The Politics of Eating

by Valerie Ward, eater and advocate


Why should Ontario eaters vote on food and farming in next month’s provincial election? The answer is simple: because every time we eat, we’re making choices that deeply affect our lives, from the health of our families, to the vibrancy of our communities, to the safety of the air we breathe and the water we drink.

I didn’t always feel this way. Like a lot of people who grow up in cities, for many years my experience of food was limited to the bland produce and processed convenience foods sold in supermarkets. I didn’t give much thought to what was actually in my food, or how it was made, as long I could get it with a minimum of fuss.

It wasn’t until about 10 years ago that family health problems prompted me to pay more attention. My husband and I began reading product labels and preparing more meals from scratch to avoid the fat, sodium and sugar that processed foods often contain. In 2008, we started buying food from Wendy’s Country Market, an award-winning, farmer-owned store near Kingstonthat sells fresh, chemical-free foods from suppliers within a 100-mile radius. Wendy’s food was a revelation: full of flavour, colour and texture, and produced sustainably by local farmers and entrepreneurs. Eager to learn more, I enrolled in a certificate program from St. Lawrence College on sustainable local food.

What I’ve learned is that our current food system – that is, the way we grow, produce and distribute food —  isn’t working.  In Ontario, a once-thriving food and farming sector continues to shrink, compromising our ability to feed ourselves. Every year, more farmers lose money and primary food processors close down. We import more food than we export and transport it over long distances, boosting greenhouse gases in the process. And despite a seeming abundance of food, more Ontarians are using food banks, while the health prob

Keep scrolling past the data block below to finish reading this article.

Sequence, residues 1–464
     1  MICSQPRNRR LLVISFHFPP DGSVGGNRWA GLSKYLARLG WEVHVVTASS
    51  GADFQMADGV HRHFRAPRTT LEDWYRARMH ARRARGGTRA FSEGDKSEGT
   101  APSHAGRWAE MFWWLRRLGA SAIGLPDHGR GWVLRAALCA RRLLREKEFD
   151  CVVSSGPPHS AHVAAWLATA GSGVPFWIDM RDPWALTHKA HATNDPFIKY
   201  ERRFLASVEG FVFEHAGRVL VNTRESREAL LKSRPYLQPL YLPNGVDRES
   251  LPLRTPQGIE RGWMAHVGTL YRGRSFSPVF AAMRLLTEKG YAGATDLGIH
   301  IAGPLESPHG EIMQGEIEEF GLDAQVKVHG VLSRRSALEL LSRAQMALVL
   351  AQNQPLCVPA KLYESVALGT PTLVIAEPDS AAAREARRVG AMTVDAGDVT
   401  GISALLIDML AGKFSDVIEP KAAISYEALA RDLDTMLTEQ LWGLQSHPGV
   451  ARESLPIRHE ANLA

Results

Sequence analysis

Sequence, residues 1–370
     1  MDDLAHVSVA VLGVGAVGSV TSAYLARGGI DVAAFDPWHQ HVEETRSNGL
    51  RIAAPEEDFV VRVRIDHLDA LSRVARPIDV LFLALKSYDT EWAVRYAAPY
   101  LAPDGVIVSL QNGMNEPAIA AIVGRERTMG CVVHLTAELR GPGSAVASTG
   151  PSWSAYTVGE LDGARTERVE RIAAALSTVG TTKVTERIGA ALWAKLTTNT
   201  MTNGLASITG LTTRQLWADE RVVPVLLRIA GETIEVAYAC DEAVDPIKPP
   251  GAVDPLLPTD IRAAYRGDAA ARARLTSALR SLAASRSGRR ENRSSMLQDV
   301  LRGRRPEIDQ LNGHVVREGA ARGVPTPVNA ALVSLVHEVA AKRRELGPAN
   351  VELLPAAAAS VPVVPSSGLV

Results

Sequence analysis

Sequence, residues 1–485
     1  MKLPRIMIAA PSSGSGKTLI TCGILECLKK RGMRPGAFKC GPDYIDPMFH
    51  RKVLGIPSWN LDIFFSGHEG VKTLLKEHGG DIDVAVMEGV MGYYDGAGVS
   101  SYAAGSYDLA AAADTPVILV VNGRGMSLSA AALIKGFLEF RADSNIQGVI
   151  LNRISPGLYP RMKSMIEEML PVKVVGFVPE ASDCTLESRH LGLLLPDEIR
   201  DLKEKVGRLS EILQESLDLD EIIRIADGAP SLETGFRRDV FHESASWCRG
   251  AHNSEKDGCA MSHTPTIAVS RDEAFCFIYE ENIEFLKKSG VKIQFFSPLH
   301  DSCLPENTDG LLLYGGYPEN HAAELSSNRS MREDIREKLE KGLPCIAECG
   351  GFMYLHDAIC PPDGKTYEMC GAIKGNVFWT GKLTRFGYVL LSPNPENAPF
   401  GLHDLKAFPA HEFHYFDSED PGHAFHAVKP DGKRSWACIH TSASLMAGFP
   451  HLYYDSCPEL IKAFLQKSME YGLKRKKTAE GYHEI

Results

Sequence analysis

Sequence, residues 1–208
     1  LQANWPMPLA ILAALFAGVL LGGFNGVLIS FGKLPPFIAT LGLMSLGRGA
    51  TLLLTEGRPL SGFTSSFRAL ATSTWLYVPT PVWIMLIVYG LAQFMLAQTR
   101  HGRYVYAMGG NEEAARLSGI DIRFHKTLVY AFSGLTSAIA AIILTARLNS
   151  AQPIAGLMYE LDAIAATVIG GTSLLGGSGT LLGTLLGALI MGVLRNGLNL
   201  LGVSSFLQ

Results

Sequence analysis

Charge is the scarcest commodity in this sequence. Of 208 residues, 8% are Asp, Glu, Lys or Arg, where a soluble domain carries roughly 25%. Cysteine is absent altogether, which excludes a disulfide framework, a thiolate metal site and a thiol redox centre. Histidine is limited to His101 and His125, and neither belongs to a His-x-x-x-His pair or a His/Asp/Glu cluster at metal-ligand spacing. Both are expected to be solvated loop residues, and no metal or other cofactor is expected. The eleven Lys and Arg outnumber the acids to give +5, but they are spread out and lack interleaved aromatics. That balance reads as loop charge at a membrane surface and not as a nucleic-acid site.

lems associated with unhealthy eating, such as obesity and type 2 diabetes, have skyrocketed.

Governments have started to address some of the problems, but we need a more compre

hensive plan if we hope to secure the future of Ontario farming, protect natural resources, and promote knowledge about and access to healthy food.

When most of us think of election issues, we think of the economy, health care, education, and the environment, not food and farming. But the irony is that the way we produce and eat food is closely tied to all of those priorities.

As we head towards October 6, we owe it to ourselves, our families, and our communities to find out w

here provincial candidates stand on food and farming. And to let them know where we stand. Food connects us all – not just as eaters, but as citizens, too.

Valerie Ward is an Ottawa writer and local food advocate.


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